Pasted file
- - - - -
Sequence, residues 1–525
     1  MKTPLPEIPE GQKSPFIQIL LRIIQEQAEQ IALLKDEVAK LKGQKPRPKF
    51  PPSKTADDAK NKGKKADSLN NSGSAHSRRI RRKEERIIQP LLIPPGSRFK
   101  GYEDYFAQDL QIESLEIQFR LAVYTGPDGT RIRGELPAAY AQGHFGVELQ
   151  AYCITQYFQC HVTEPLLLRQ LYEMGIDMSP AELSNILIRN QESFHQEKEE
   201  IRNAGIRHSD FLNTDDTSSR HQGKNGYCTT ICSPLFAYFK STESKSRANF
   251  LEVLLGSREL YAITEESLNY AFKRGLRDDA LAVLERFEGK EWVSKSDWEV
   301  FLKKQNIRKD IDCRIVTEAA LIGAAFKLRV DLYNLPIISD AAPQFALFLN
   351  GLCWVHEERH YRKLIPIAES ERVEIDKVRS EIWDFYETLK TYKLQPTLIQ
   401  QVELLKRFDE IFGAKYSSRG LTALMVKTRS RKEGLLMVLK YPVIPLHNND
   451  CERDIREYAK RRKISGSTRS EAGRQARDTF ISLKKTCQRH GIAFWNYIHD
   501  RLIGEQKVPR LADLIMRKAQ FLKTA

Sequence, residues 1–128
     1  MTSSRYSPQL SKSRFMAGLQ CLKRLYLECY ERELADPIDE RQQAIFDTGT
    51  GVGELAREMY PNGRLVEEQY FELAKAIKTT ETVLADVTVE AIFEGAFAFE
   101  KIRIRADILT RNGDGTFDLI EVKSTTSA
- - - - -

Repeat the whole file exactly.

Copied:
Sequence, residues 1–525
     1  MKTPLPEIPE GQKSPFIQIL LRIIQEQAEQ IALLKDEVAK LKGQKPRPKF
    51  PPSKTADDAK NKGKKADSLN NSGSAHSRRI RRKEERIIQP LLIPPGSRFK
   101  GYEDYFAQDL QIESLEIQFR LAVYTGPDGT RIRGELPAAY AQGHFGVELQ
   151  AYCITQYFQC HVTEPLLLRQ LYEMGIDMSP AELSNILIRN QESFHQEKEE
   201  IRNAGIRHSD FLNTDDTSSR HQGKNGYCTT ICSPLFAYFK STESKSRANF
   251  LEVLLGSREL YAITEESLNY AFKRGLRDDA LAVLERFEGK EWVSKSDWEV
   301  FLKKQNIRKD IDCRIVTEAA LIGAAFKLRV DLYNLPIISD AAPQFALFLN
   351  GLCWVHEERH YRKLIPIAES ERVEIDKVRS EIWDFYETLK TYKLQPTLIQ
   401  QVELLKRFDE IFGAKYSSRG LTALMVKTRS RKEGLLMVLK YPVIPLHNND
   451  CERDIREYAK RRKISGSTRS EAGRQARDTF ISLKKTCQRH GIAFWNYIHD
   501  RLIGEQKVPR LADLIMRKAQ FLKTA

Sequence, residues 1–128
     1  MTSSRYSPQL SKSRFMAGLQ CLKRLYLECY ERELADPIDE RQQAIFDTGT
    51  GVGELAREMY PNGRLVEEQY FELAKAIKTT ETVLADVTVE AIFEGAFAFE
   101  KIRIRADILT RNGDGTFDLI EVKSTTSA